Despite that, it's a good idea to renew your certificates with plenty of time because you will need to ensure the new certs have exactly the same subject name (identity) as the old certificates. See question 12 for details.

7. What is notarization?

It's what Apple calls their pre-approval process for non app store apps. Notarization is basically like running a malware scanner over an app and then signing it to say it's been checked. It moves the work of malware detection to the server side so the operating system doesn't have to do that itself, only check for revocation.

Notarization normally requires tools that only work on macOS, but Conveyor understands the protocol and can notarize apps from any platform.

8. Why is signing / notarization so slow?

It's slow using native tools too. Part of the delay is the timestamping process described above, which requires making a call to a remote server for every file being signed. Apple's notarization process is slow because it's a batch process that statically analyzes your program (e.g. it finds and extracts zips), and the protocol involves polling to find out when it's completed.

9. Are Linux packages signed?

Yes. GPG signatures are provided for Debian packages and apt repositories. The package installs the certificate to the keychain as part of the regular package installation process, so apt doesn't need to be specifically configured.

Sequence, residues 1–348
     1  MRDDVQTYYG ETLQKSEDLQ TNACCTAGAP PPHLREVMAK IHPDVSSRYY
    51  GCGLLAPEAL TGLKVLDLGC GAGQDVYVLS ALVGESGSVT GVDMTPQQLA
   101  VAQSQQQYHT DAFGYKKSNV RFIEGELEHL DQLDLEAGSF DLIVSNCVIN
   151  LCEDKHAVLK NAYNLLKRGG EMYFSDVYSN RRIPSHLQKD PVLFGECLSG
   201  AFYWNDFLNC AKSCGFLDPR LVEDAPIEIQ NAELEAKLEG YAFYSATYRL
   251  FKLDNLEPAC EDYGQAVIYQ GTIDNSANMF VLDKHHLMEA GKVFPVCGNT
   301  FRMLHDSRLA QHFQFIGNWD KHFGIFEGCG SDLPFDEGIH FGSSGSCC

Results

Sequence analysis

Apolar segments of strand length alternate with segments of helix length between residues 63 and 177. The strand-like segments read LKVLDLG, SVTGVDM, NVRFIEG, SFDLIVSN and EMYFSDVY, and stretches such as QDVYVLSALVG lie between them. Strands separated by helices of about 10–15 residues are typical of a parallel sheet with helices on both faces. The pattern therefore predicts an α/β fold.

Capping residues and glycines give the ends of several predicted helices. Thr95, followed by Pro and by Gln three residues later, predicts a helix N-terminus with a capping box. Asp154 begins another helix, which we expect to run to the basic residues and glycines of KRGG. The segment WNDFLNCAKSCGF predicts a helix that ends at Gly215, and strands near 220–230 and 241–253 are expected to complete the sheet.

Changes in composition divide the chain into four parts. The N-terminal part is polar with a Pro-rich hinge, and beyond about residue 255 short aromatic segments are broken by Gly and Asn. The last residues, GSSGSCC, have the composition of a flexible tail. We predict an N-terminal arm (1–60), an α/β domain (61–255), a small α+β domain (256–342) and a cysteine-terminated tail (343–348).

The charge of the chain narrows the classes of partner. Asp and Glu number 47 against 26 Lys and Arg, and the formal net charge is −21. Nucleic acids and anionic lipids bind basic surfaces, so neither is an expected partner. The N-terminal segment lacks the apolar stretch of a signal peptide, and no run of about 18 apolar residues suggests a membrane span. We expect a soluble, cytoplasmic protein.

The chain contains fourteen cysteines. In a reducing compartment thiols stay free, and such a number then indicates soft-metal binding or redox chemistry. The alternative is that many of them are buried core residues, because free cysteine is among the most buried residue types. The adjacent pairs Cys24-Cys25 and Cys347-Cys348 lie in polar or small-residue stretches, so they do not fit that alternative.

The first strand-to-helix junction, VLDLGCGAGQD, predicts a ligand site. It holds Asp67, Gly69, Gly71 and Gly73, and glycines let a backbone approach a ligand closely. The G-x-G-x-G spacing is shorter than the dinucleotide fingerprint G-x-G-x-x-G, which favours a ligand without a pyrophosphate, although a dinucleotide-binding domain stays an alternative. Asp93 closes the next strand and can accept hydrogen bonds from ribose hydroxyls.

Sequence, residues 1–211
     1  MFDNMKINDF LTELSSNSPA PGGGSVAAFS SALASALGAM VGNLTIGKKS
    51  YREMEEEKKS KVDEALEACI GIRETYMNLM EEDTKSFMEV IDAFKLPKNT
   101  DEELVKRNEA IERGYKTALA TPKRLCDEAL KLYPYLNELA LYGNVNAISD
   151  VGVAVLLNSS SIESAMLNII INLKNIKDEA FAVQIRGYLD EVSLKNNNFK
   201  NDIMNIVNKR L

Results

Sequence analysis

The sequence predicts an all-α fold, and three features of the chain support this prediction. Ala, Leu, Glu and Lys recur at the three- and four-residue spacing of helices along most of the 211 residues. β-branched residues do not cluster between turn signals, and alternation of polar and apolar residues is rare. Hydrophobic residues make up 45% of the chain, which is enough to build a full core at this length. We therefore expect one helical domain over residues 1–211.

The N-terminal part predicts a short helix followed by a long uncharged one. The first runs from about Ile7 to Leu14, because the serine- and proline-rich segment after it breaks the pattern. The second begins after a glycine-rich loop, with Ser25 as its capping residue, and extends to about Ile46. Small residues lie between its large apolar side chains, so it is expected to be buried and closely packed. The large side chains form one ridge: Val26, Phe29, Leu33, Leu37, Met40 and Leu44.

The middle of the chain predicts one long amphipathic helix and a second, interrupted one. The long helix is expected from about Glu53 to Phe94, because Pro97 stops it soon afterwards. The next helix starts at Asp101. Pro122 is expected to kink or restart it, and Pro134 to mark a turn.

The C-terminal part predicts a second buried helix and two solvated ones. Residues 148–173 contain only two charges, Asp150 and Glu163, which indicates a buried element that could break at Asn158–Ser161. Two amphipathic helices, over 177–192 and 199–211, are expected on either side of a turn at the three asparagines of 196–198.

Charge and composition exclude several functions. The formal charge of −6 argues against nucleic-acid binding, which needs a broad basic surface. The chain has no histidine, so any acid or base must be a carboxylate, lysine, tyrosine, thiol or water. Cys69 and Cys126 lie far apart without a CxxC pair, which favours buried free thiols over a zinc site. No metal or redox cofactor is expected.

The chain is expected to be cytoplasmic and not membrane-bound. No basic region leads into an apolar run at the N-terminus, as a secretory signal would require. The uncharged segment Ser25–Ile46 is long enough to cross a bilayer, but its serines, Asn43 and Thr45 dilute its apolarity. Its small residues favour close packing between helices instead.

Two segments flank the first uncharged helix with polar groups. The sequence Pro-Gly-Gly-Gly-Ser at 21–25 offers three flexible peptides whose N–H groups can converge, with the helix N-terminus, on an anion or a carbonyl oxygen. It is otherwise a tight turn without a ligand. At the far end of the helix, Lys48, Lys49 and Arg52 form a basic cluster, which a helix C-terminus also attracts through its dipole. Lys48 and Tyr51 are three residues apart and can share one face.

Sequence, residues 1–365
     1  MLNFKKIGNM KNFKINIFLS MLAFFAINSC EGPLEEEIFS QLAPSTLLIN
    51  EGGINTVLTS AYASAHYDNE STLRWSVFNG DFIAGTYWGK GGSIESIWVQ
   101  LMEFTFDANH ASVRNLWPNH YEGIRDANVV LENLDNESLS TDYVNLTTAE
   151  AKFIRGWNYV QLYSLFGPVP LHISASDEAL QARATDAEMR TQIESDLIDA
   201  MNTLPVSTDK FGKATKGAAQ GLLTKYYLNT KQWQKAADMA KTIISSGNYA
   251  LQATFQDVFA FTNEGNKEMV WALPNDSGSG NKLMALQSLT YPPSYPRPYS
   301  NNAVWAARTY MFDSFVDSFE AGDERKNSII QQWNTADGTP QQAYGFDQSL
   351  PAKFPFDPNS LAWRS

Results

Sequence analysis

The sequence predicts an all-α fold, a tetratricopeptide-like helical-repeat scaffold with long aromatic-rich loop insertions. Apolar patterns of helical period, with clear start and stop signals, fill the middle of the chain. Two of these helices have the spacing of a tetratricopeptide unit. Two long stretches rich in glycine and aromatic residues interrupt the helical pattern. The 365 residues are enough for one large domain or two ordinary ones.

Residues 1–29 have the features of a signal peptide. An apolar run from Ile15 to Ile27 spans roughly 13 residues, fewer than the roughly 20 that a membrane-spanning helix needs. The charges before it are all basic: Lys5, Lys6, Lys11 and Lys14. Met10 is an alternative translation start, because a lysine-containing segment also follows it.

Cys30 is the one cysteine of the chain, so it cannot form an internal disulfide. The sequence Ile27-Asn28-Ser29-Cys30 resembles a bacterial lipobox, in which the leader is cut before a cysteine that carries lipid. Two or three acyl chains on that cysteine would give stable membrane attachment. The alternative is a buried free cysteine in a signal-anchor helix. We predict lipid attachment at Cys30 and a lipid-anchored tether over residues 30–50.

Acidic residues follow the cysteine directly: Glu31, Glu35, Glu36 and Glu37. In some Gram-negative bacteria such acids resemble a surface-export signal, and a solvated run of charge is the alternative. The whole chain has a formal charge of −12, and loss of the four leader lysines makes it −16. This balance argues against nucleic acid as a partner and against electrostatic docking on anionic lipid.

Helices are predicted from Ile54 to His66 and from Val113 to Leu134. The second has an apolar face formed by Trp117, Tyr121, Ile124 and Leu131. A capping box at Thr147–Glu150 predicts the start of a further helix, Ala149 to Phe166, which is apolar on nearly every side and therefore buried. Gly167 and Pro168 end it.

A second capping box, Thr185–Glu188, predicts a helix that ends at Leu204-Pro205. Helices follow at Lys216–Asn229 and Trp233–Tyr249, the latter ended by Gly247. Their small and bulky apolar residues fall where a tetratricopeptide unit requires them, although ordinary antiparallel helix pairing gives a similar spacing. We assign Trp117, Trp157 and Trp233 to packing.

There is no signature or hash generated for the tarball because it's not necessary. The user will be downloading the tarball over HTTPS anyway, which already provides integrity protection.

10. Can I change between Windows certificate types/authorities?

Yes, but if the new CA doesn't issue an identical X.500 subject name to your previous CA this will trigger an escape hatch migration. Background updates will stop until the user next runs the app, and an uninstall/reinstall cycle will be required. The escape hatch must be switched on for this to work; it is enabled by default when conveyor.compatibility-level is >= 10.

11. I did a build and my Windows cloud signing service charged me for hundreds of signatures

This is normal if you use a large runtime like the JVM or Electron that may have many native code files, but if you do another build there will be far fewer thanks to the disk cache. Conveyor has to sign the following files to produce a valid Windows package that will be accepted by browsers, the OS and virus scanners:

  1. Every EXE or DLL file in your app, including the updater EXE that Conveyor adds to it if you turned on aggressive updates, and (for JVM apps) any native libraries found inside JAR files.
  2. The MSIX package file.
  3. The installer EXE that the user downloads.

If you change your program and do another build, only the files that changed should be re-signed. Often that will mean only the MSIX package file and the installer.

If you keep being charged, you are probably using a continuous integration system that wipes files between builds. Set it up to preserve the contents of the disk cache between builds and things will get both faster and cheaper. Alternatively, you / your worker machine may be running low on disk space and Conveyor is deleting entries to try and free up space. Ensure there is at least 1GB more free space available than the maximum size of the cache to prevent this from happening, as Conveyor will try to ensure you don't run out of disk.